Title

The latent structure of the adult attachment interview: Large sample evidence from the collaboration on attachment transmission synthesis

Document Type

Journal Article

Publication Title

Development and Psychopathology

Publisher

Cambridge University Press

School

School of Arts and Humanities

RAS ID

35323

Funders

Stichting tot Steun Nederland Social Sciences and Humanities Research Council Canada

Comments

Raby, K. L., Verhage, M. L., Fearon, R. M. P., Fraley, R. C., Roisman, G. I., van IJzendoorn, M. H., . . . Wong, M. S. (2022). The latent structure of the adult attachment interview: Large sample evidence from the collaboration on attachment transmission synthesis. Development and Psychopathology, 34(1), 307-319. https://doi.org/10.1017/S0954579420000978

Abstract

The Adult Attachment Interview (AAI) is a widely used measure in developmental science that assesses adults' current states of mind regarding early attachment-related experiences with their primary caregivers. The standard system for coding the AAI recommends classifying individuals categorically as having an autonomous, dismissing, preoccupied, or unresolved attachment state of mind. However, previous factor and taxometric analyses suggest that: (a) adults' attachment states of mind are captured by two weakly correlated factors reflecting adults' dismissing and preoccupied states of mind and (b) individual differences on these factors are continuously rather than categorically distributed. The current study revisited these suggestions about the latent structure of AAI scales by leveraging individual participant data from 40 studies (N = 3,218), with a particular focus on the controversial observation from prior factor analytic work that indicators of preoccupied states of mind and indicators of unresolved states of mind about loss and trauma loaded on a common factor. Confirmatory factor analyses indicated that: (a) a 2-factor model with weakly correlated dismissing and preoccupied factors and (b) a 3-factor model that further distinguished unresolved from preoccupied states of mind were both compatible with the data. The preoccupied and unresolved factors in the 3-factor model were highly correlated. Taxometric analyses suggested that individual differences in dismissing, preoccupied, and unresolved states of mind were more consistent with a continuous than a categorical model. The importance of additional tests of predictive validity of the various models is emphasized.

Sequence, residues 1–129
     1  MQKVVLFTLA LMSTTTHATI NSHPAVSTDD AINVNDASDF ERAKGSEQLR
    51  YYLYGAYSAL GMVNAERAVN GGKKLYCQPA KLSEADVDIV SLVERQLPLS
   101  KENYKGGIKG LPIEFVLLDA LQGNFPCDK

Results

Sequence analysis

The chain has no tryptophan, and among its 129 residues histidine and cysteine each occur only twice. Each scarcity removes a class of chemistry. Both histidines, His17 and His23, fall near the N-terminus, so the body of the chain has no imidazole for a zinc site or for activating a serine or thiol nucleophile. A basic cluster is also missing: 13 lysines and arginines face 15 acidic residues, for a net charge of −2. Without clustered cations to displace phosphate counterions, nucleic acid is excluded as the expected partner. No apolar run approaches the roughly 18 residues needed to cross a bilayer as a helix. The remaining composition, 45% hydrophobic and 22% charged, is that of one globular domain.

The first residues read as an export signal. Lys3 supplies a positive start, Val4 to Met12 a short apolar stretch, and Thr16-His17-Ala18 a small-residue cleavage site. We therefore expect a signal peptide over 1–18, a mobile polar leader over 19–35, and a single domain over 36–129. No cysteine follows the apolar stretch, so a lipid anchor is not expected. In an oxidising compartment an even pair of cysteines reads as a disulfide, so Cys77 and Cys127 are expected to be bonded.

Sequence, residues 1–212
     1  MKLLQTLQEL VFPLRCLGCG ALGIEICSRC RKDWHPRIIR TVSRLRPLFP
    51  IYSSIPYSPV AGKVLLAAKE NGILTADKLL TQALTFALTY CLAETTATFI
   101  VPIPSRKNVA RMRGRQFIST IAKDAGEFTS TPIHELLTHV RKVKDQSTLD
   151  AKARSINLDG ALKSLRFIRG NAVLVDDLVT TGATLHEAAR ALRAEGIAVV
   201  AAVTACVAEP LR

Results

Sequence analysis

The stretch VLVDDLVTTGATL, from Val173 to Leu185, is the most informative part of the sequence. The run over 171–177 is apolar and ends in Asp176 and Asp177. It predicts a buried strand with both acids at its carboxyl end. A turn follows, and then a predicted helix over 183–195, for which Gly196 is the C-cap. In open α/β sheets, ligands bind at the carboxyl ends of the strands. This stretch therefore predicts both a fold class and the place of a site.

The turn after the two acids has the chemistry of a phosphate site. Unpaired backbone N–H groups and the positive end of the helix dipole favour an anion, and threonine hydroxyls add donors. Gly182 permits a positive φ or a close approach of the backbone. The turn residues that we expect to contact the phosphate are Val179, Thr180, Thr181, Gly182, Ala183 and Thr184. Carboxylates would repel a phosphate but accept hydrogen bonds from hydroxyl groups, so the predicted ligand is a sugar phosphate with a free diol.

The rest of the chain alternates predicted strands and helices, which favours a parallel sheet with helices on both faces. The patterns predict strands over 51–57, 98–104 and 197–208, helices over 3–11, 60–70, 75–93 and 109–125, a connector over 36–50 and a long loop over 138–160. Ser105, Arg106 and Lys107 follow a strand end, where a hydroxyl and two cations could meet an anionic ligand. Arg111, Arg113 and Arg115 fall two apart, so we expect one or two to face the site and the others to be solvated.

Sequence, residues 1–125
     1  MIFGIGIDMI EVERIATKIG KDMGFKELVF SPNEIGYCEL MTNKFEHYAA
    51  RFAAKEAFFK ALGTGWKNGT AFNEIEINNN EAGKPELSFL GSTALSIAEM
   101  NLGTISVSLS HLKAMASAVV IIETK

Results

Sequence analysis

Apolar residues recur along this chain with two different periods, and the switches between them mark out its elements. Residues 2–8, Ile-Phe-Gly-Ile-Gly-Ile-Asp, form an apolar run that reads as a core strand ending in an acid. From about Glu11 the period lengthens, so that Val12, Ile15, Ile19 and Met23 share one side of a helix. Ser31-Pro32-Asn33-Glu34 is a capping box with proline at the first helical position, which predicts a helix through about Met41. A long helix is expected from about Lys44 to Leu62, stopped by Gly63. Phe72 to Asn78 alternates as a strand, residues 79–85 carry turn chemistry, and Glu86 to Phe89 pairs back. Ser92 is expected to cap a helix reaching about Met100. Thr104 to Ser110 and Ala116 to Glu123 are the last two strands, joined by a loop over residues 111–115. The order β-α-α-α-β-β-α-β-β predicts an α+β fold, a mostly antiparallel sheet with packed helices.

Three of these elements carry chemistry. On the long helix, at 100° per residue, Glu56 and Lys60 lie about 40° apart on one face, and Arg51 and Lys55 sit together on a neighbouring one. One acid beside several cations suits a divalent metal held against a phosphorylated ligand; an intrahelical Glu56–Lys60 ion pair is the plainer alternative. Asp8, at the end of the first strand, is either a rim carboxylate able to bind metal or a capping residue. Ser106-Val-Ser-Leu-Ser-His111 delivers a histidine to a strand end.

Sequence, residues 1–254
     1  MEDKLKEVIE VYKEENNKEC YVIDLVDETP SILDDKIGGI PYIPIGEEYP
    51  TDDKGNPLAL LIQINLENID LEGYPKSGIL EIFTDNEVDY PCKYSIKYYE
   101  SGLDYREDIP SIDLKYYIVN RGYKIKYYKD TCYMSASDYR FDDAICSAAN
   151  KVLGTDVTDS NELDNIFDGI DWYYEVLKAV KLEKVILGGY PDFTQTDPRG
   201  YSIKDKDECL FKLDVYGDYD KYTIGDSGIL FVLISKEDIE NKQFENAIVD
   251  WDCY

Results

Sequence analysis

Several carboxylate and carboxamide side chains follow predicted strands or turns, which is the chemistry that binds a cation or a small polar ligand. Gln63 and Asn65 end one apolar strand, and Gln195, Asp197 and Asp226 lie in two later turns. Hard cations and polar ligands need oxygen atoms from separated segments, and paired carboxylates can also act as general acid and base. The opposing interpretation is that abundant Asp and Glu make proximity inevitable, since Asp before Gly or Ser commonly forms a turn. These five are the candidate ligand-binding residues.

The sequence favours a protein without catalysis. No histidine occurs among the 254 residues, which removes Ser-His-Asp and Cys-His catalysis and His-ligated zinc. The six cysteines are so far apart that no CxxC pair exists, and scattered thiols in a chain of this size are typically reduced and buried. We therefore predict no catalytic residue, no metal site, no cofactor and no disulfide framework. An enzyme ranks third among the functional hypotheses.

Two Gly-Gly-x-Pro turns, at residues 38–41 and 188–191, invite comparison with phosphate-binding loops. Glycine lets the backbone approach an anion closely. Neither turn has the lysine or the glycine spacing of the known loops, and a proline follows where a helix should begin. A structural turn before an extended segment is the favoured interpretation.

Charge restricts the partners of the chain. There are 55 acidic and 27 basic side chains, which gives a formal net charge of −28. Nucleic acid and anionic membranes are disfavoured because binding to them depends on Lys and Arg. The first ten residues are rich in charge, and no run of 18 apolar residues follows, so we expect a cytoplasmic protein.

DOI

10.1017/S0954579420000978

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